Posted by: Serf | Sep 20, 2007 11:32:24 AM

Why should schools be penalised for not inviting any particular organisation to make representations to their pupils?

Posted by: Marcin Tustin | Sep 20, 2007 5:41:42 PM


Given that Catholics are taxed to pay for the abortions that Ms. Williams so thoroughly approves of, yes, it seems only fair that Ms. Williams ends up paying taxes for things she does not approve of.

Catholics are taxed to pay for access to abortions via the NHS, and Catholics are as likely to make use of this access as anyone else - if not more so, since Catholic doctrine holds that a woman who refrains from using contraception but just has an abortion every time she gets pregnant is sinning less than a woman who regularly uses effective contraception.

Zoe Williams' makes the valid point that Catholic schools are promoting an ugly agenda - that it's better for women to die horribly or suffer terribly than to champion abortion as a basic human right.

I think it's deeply ironic that the Catholic hierarchy has made the doctrinal decision that Jesus didn't really mean it when he said Matthew 25,42-45 - all that tosh about "what you do for the least, you do for me" - helping prisoners, looking after the sick. No, no, says the Catholic hierarchy, none of that is important next to the imperative that women made pregnant by rape in a war zone ought to suffer horribly without hope of aid.

"[Congo] Later the man [who raped me] came to my house. He found my parents there and he threatened them. So, my parents sent me to live with other family members. Then I realised that I was pregnant. When my parents found out, they chased me away. They told me that they couldn't take care of the baby as they were already having difficulties. I was very worried. Now I live with a neighbour who has a distant relationship with my mother. It is a life of suffering there. We eat with difficulty, even to find soap is difficult. It is hard. I regret I will have a baby soon. I have nothing to eat and to clothe it with. I was raped against my will. It is terrible because it isn't just me affected by this. There are many girls who visit me who also say that they are suffering. (link)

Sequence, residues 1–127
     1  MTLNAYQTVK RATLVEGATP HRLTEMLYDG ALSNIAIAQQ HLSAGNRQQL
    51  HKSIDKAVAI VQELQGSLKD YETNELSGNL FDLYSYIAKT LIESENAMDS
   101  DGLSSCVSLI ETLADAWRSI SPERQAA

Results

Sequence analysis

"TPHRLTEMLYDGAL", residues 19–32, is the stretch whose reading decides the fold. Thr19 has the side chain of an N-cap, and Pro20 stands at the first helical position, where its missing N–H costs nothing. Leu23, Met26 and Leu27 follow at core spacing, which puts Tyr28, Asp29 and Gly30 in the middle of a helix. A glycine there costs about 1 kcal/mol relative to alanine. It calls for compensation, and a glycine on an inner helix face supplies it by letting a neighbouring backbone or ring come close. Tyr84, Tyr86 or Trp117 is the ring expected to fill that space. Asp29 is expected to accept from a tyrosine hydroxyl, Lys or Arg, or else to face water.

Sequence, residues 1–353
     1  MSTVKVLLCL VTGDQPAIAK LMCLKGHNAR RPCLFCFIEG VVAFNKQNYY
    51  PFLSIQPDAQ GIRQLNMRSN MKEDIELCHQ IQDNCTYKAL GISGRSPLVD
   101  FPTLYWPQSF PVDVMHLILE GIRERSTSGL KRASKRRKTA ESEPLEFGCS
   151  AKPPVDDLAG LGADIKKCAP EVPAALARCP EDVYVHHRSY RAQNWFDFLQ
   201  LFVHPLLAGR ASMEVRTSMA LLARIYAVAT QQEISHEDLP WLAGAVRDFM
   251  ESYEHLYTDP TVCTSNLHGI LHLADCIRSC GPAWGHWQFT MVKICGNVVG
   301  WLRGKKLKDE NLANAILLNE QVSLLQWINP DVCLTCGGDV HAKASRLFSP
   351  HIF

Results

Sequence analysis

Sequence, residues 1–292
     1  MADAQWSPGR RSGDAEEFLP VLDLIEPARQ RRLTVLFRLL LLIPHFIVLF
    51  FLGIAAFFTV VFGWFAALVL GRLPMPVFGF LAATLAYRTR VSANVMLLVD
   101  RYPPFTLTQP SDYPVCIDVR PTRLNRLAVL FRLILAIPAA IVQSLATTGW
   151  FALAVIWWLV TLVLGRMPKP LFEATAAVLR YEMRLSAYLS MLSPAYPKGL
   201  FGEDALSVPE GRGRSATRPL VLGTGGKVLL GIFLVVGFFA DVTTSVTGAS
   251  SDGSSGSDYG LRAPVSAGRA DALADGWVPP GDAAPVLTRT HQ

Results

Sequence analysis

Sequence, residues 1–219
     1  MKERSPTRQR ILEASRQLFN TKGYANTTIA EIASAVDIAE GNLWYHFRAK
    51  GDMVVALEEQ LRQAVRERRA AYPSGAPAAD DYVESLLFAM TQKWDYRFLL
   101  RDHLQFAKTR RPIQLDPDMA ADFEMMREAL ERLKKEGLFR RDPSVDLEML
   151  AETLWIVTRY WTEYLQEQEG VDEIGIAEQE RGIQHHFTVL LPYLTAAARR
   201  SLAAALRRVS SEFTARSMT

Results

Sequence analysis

The Catholic church says to Amnesty "You want to help this woman, and others like her? We withdraw all support from you and from her, and walk away, washing our hands of you."

Those women in the Congo may be, to the Catholic Church, "the least of these". Unimportant in their suffering, mere incubators, whose pain and need can be ignored and denied.

"Then he will say to those on his left, 'Depart from me, you who are cursed, into the eternal fire prepared for the devil and his angels. For I was hungry and you gave me nothing to eat, I was thirsty and you gave me nothing to drink, I was a stranger and you did not invite me in, I needed clothes and you did not clothe me, I was sick and in prison and you did not look after me.'

"They also will answer, 'Lord, when did we see you hungry or thirsty or a stranger or needing clothes or sick or in prison, and did not help you?'

"He will reply, 'I tell you the truth, whatever you did not do for one of the least of these, you did not do for me.'"

Posted by: Jesurgislac | Sep 24, 2007 12:32:52 AM